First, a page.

Novel nitrogen-fixing bacteria isolated from the root nodules of the Pea plant

Rhizobia is a large group of bacteria developing symbiotic relation with their host plants by forming root nodules and fixing atmospheric nitrogen. The bacteria belonging to this group are important from agriculture and environmental perspective. Three strains of rhizobia were collected from Indian Trans-Himalaya region, isolated from root nodules of Pea plant. The characterization was done using 16S rRNA, atpD and recA genes. Based on 16S rRNA gene sequencing, isolated strains showed ≥99.9% sequence similarity to the members within the Rhizobium leguminosarum group. Phylogenetic analysis based on sequences of atpD, recA and 92 core genes indicated that two of the three strains were closely related to the group Rlaguerreae while one strain was closely related to the Rhidalgonense group. Two strains closely related to the group R. laguerreae have 60.8 mol% of DNA G+C content. Based on characterization studies, these two strains represent a novel species, Rhizobium indicum sp.nov. The study provided a detailed taxonomic species description of these novel species.

The nodC and nifH genes play an important role in nodulation and nitrogen fixation respectively. These genes were amplified for all three strains which confirmed their genetic potential for symbiosis.  All three strains have nodC gene sequence similar to the strains of Rhizobium leguminasarum that belong to the symbiovar viciae and isolated from different countries.

Genome studies revealed that the complete genome, chromosome and plasmids of these strains are comparable in size to the other strains of Rhizobium leguminasarum. Researchers also examined the genome sequences of the two strains to identify the compliment of nod genes in these strains. Both strains contained a cluster of 12 nod genes. Phylogenetic analysis revealed that both these strains are closely related to Rhizobium laguerreae followed by Rruizarguesonis and R. leguminosarum.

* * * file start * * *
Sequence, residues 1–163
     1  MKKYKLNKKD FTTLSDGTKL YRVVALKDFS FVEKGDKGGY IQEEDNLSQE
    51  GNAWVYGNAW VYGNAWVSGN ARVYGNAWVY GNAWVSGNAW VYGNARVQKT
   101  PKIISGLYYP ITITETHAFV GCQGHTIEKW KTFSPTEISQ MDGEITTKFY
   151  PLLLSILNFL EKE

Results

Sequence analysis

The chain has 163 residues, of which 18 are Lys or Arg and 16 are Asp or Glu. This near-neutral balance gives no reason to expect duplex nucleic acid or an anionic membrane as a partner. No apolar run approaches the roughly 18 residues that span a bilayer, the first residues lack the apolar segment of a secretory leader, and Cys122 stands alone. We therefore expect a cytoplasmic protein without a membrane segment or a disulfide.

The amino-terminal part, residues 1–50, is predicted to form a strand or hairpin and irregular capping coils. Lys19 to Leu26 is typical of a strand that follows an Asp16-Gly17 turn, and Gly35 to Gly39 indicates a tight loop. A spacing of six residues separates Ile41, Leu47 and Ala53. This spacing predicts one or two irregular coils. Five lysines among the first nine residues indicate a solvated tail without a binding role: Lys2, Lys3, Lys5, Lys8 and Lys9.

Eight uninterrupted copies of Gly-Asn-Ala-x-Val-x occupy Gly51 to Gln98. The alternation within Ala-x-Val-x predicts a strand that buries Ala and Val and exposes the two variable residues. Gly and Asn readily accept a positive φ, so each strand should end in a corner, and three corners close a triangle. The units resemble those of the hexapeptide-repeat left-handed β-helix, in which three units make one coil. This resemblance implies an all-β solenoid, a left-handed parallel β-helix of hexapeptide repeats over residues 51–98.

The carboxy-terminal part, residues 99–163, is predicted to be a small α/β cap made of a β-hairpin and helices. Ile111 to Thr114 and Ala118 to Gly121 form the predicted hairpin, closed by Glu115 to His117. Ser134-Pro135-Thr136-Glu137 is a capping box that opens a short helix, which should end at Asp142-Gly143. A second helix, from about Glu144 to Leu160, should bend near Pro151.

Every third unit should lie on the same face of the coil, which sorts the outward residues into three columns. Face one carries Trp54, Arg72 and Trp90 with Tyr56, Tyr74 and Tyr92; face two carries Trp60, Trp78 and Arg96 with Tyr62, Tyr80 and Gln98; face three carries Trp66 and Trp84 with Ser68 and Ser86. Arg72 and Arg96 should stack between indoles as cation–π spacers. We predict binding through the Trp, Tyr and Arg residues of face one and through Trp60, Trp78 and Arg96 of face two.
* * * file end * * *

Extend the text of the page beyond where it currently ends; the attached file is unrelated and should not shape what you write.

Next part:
Morphological analysis revealed that the strains are rod-shaped, gram-negative and motile. Colonies were translucent, cream-white and convex. A total of 20 different cellular fatty acids in different quantities were detected in these three strains. Overall, the fatty acid compositions of the newly isolated strains were identical to the type strains of Rhizobium leguminosarumRhizobium laguerreae and Rhizobium ecuadorense, with differences in their proportions. The strain were positive for oxidase and catalase.

To conclude, both the novel strains are closely related to each other and can be differentiated from other species of the genus Rhizobium by their housekeeping gene sequences, ANI values, genome nucleotide analysis, and phenotypic and chemotaxonomic features.


Description of a novel species isolated from the surface of tomato

-By Kranti Karande

A new bacterial strain designated as TOUT106T was isolated from the tomato surface. Though there were many bacterial species isolated from various fruits and vegetables like sweet potato, banana, tomato, lettuce and cucumber, TOUT106T was found to represent a novel species. This study was aimed at providing a detailed taxonomic description of this novel strain TOUT106T isolated from tomato surface. A novel strain is a micro organism which hasn’t been identified earlier.